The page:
An important truth of language learning is that it requires mastery of a skill as much as acquisition of knowledge. In other words, it is not enough for students to know word meanings and structure rules; students need to be able to apply this knowledge quickly, even automatically, to express themselves smoothly, read competently, and comprehend spoken English rapidly. To build these skills, practice is necessary; study alone will not suffice.
Again, this point might seem obvious, but remember the unintended lessons that many approaches to language teaching leave students with. For many students, language learning has always been about learning grammar rules and memorizing vocabulary to perform well on tests. Many students have had little experience using English in actual conversation, and have not built the speed and automaticity that can only be developed through repeated practice. Naturally, students’ perceptions of the important parts of language learning are shaped by their experience in language classes, and it is not surprising if students are inclined to neglect practice in favor of study.
Language use has a heavy skill component, which demands that the user perform complex operations accurately and quickly, and this has some important implications for the ways in which students must learn:
- Language learners need a lot of practice. To learn to speak well, students need to spend a lot of time speaking; in order to learn to read quickly and effectively, they need to spend a lot of time reading, and so forth. Almost all teachers would assent to this principle in theory, but in many English classrooms, the teacher still talks most of the time. Sometimes this is because teachers feel they need to dominate in order to maintain control in class; sometimes it is because teachers feel that if they aren’t “teaching,” they aren’t really earning their pay. For whatever reasons, stepping off the podium and giving students a chance to speak (read, write, etc.) is more problematic than it may initially seem.
- Language learners need repeated practice. One important concept related to language learning is automaticity. The idea here is that many language skills require a student to do many different things at the same time; for example, speaking involves choosing words, applying grammar rules, and attending to pronunciation and intonation — all while trying to decide what to say. A speaker cannot consciously pay attention to all of these operations simultaneously, so some of them must be practiced often enough that they can be performed automatically. It takes repeated practice to learn to perform any skill smoothly and automatically, and language learning is no exception.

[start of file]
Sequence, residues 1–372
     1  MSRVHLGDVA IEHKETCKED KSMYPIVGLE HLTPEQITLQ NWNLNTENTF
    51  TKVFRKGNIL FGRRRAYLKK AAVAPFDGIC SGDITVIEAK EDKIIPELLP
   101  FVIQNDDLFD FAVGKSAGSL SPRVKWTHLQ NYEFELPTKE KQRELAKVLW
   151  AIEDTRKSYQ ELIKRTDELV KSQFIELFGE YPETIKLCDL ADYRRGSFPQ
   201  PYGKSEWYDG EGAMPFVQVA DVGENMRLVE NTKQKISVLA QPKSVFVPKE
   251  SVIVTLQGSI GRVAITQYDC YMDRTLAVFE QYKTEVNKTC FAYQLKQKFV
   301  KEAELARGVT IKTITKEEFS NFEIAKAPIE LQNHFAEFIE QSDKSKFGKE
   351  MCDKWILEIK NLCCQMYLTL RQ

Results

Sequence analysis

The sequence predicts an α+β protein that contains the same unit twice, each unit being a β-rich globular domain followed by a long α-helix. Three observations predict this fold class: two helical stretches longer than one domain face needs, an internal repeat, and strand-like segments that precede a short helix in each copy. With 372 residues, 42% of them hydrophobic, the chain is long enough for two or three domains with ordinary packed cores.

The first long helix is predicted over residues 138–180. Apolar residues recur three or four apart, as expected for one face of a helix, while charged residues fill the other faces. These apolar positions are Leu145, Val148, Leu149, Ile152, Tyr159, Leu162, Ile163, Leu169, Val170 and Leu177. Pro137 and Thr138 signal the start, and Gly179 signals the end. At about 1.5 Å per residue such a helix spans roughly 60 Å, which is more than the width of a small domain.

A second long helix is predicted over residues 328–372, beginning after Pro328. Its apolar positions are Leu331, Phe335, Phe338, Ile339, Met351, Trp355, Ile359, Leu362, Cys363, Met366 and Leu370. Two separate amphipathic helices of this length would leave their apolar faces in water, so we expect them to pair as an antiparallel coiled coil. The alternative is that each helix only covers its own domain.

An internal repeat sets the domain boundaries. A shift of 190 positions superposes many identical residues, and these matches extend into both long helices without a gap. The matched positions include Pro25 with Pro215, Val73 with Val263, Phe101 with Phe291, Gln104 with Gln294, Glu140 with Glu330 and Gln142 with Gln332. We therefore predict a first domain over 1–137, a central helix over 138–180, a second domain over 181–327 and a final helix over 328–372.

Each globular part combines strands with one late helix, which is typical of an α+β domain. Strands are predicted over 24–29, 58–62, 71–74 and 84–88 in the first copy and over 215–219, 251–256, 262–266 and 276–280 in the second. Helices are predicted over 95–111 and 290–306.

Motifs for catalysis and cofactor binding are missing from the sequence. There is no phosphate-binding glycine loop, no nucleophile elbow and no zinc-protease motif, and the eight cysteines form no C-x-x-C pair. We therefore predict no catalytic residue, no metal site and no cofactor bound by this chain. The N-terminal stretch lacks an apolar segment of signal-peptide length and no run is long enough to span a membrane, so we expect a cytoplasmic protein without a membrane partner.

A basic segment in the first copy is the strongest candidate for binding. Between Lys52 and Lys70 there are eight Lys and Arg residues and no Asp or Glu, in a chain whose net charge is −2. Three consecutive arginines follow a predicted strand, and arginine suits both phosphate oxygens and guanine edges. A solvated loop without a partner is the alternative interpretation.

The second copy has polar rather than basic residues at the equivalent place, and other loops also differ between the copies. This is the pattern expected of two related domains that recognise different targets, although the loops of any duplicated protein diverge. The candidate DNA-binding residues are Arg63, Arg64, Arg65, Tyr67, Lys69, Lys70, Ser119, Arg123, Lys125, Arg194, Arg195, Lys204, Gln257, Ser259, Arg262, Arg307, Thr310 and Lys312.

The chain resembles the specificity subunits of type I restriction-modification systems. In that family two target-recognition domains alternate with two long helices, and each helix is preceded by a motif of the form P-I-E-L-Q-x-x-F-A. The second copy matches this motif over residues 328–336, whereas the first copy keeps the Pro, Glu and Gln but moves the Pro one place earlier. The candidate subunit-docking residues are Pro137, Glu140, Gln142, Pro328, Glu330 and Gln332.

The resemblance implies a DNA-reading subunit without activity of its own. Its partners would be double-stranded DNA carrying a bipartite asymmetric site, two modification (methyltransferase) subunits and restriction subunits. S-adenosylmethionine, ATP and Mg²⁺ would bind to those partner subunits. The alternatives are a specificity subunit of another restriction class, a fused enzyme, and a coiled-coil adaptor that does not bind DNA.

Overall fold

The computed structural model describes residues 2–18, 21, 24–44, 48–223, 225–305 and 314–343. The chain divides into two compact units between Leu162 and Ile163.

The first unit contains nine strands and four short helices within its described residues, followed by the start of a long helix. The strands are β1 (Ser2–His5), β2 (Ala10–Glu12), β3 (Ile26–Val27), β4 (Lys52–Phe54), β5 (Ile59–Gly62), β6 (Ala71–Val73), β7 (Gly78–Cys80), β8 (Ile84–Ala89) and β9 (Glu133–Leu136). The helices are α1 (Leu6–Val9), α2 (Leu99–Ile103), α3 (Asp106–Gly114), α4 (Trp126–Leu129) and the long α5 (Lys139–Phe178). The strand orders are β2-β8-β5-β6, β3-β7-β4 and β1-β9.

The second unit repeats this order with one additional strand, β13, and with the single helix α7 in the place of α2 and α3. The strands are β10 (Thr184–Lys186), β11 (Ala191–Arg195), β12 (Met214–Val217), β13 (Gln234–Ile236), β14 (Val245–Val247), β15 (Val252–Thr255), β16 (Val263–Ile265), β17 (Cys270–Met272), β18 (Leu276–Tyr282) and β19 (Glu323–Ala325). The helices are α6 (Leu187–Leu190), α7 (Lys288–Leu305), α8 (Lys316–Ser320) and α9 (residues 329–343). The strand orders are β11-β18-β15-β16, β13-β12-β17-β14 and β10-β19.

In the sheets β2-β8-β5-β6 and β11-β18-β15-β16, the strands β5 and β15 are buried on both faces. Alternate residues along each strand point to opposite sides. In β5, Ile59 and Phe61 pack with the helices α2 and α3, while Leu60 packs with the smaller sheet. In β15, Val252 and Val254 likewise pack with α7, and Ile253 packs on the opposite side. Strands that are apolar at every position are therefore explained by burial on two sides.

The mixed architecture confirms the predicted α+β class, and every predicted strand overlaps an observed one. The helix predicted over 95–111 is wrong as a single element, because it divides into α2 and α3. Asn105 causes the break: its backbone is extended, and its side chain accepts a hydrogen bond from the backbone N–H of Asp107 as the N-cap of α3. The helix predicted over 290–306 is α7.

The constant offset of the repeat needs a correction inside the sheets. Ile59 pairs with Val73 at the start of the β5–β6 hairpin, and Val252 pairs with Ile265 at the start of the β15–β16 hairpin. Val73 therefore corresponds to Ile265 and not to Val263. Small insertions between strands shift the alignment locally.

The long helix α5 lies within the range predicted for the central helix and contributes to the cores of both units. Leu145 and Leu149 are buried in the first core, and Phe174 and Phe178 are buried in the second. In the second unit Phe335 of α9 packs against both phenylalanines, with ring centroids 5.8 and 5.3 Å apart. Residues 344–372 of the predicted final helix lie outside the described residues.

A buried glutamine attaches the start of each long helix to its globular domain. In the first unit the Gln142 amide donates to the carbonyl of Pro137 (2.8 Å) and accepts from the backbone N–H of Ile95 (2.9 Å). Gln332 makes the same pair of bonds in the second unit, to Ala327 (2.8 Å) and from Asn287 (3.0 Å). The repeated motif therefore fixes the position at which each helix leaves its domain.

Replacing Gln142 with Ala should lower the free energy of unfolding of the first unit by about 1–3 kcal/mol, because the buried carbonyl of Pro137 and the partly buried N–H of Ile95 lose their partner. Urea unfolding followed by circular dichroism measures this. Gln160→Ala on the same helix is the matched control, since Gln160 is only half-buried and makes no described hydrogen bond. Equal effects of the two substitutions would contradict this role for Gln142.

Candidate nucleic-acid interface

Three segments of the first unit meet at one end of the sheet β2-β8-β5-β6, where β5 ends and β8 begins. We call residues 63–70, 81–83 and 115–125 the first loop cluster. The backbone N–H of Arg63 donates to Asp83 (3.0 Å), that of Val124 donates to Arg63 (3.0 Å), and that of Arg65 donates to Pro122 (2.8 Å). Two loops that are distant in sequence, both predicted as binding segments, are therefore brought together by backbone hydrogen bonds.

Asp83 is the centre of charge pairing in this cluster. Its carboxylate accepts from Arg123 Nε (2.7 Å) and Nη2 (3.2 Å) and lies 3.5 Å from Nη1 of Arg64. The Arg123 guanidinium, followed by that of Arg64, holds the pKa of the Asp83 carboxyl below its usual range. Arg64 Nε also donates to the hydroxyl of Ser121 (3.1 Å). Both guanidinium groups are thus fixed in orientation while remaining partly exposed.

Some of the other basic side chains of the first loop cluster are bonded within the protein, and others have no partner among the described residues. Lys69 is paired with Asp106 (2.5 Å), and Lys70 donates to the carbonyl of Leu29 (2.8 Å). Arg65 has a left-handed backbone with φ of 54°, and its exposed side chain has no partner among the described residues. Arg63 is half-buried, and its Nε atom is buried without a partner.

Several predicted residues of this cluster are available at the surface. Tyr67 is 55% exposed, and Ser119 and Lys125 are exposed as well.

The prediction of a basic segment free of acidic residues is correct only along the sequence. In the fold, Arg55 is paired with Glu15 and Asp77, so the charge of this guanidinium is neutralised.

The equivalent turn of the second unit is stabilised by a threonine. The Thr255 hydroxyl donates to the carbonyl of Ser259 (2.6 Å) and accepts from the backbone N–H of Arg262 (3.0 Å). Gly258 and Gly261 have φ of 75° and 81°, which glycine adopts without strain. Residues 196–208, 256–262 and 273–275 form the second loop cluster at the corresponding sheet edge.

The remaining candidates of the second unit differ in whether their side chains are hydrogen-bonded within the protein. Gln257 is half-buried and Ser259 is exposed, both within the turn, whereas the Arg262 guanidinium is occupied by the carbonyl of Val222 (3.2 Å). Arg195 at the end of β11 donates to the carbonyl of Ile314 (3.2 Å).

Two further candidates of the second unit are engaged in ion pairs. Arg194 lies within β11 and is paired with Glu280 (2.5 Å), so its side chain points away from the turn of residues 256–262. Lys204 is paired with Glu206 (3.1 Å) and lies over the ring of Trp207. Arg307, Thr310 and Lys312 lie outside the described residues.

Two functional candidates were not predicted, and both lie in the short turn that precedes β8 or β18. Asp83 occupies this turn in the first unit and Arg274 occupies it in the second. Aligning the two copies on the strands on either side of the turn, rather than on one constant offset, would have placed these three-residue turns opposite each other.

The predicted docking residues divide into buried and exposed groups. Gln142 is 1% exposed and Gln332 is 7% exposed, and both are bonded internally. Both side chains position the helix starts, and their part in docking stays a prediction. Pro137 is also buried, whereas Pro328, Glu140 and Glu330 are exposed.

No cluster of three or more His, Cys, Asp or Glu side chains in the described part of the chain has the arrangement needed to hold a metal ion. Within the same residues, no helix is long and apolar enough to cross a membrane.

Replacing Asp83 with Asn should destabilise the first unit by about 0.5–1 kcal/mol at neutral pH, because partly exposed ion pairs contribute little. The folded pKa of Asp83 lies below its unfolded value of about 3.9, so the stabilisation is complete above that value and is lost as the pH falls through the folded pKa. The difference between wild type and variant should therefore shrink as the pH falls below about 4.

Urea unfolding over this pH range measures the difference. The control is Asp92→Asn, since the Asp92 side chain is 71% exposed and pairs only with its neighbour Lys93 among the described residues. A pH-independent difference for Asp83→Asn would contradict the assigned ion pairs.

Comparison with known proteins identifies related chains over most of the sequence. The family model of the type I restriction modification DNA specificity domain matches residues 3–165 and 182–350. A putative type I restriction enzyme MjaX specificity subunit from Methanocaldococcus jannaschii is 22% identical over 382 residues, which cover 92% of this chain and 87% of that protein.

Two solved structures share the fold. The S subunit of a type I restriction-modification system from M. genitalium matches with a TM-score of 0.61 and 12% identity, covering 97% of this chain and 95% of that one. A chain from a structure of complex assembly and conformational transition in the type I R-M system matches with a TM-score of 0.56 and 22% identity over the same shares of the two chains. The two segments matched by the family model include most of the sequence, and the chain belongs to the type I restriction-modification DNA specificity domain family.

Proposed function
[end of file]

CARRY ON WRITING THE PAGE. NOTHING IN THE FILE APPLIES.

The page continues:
This point is important because students and teachers often unconsciously assume that their job is to cover the material in the book and ensure students complete any related exercises. Part of this unconscious assumption is that each point should only be covered one time and that, once the material is covered, students should know it. (Among students who have internalized this view of language learning, the protest that “We’ve done this already” is expected to effectively veto an activity whether or not they have really learned the skill in question.) The problem, of course, is that covering material in a textbook is often not enough to allow learners to build necessary skills, and you may need to repeat activities several times before students can use the new material automatically.
This article has been provided by Christian Lingua.